• More simple articulation and de-mystification of algorithmic trading will lead to a growth in the volume of algorithmic trading by the traditional buy side of the business in Europe, where technology innovation is embraced more slowly than in the USA.

  • The desire for increased anonymity at the point and time of transaction execution is a continual stimulation to the growth of algorithmic trading volumes.

  • Increasing competition between markets and exchanges is increasing the fragmentation of liquidity. MiFID is projected to increase this trend. Algorithmic trading is the ideal and certainly the only cost effective way of identifying and tracking liquidity across a range of markets and exchanges.

  • Hedge funds will continue to play a significant role in the development of algorithmic trading. They provide some 40–50% of the equities transaction volume on major US and European Exchanges, 70% of convertible bond volume and 80% of distressed debt volumes. They have lead the charge and are at the “bleeding edge” in deployment of algorithmic trading on the buy side of the business either directly or through the use of their Prime brokerage relationships. The proliferation of hedge funds means more competition amongst them. They have to differentiate themselves through the range and innovation their products and services, including their trading strategies.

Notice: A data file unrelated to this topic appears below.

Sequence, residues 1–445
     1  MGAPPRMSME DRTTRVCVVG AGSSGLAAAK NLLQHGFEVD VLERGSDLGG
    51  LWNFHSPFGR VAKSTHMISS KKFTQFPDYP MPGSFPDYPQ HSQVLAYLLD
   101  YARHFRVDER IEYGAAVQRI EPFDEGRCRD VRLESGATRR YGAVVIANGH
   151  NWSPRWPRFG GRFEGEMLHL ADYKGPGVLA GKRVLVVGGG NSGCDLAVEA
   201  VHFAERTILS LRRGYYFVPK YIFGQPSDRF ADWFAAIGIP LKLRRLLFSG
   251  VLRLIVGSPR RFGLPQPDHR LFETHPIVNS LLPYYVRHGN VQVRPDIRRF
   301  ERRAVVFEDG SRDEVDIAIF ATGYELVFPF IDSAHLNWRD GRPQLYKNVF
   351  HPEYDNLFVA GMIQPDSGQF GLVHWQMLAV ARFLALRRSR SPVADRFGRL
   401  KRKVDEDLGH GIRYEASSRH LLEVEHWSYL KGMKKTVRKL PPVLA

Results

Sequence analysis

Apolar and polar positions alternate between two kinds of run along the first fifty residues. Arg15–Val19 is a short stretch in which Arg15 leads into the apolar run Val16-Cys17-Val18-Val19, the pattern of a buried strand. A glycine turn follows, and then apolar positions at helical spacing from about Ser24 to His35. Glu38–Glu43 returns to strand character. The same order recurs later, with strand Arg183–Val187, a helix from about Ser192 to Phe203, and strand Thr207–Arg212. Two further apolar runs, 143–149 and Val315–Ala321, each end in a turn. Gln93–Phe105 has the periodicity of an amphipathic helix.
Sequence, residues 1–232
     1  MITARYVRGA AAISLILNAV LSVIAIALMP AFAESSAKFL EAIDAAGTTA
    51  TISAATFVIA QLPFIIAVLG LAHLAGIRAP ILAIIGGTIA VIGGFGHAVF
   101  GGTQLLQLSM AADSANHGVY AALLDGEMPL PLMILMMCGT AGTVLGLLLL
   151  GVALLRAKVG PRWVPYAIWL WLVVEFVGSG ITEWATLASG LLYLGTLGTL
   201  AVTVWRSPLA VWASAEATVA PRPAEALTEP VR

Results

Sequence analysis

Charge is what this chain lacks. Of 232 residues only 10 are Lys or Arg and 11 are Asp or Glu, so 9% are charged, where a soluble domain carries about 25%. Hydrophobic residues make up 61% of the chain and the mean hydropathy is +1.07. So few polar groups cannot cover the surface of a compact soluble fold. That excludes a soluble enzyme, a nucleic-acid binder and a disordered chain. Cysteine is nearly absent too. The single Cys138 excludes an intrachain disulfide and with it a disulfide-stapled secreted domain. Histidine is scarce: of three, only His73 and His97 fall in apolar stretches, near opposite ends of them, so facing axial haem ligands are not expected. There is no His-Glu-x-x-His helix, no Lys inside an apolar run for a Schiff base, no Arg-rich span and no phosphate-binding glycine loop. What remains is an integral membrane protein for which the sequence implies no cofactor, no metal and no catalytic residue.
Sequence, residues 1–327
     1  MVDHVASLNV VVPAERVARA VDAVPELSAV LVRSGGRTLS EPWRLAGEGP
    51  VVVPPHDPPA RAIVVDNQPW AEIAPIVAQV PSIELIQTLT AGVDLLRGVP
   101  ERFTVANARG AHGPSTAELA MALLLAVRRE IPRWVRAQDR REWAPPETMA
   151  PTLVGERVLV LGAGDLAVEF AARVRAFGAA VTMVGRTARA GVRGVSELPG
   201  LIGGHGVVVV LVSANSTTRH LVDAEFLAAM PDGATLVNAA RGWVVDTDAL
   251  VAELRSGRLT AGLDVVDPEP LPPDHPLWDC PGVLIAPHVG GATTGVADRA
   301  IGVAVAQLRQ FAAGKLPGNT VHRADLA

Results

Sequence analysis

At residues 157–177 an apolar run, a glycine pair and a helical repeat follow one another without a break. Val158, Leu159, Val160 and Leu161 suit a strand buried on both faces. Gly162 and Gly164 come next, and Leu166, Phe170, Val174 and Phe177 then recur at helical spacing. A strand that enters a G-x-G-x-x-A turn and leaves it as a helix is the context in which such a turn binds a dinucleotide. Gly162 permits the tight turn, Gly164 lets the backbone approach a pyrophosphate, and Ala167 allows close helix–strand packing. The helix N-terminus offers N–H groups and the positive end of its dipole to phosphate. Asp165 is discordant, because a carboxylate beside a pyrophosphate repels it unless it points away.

• Algorithmic trading applications are essential to the hedge funds' armouries for development of their business strategies. Automation, maintenance of low execution costs, increased dynamic use of data and analytics, are all essential to the development of this element of the buy side of the financial markets. They can form the basis for delivery of new hedge fund applications.

Technology developments

Many of the required technological developments and capabilities for algorithmic trading are self-evident from what has been said but deserve specific reference:

Availability of technology tools is essential.

Tools must service across asset classes including highly efficient router libraries.

The technology must be capable of creating and holding new sets of strategies and, above all, it must be able to conduct enormous computational strategies.

Underlying this, the technology must allow for the creating computational platforms for both historical data and data streaming purposes.

The technology has to accommodate complex data structures, filter data and fuse data structures almost on demand. This would require the creation of independent data structures.

The demand for high-quality, clean and filtered data, which is essential for equities algorithmic trading, will spread to other asset classes, fixed income and derivatives trading, where there is not the stream of transactions.

In summary, the algorithmic technology has to be able to deliver -

A flexible and dynamic technical environment, which can deliver value at risk computations and analysis.

For hedge funds, specifically, collateral management data and features to mange the funds' leverage (borrowing) capacity and capabilities.

Real time graphic spreadsheets with strong easy visualisation and articulation of data and trends.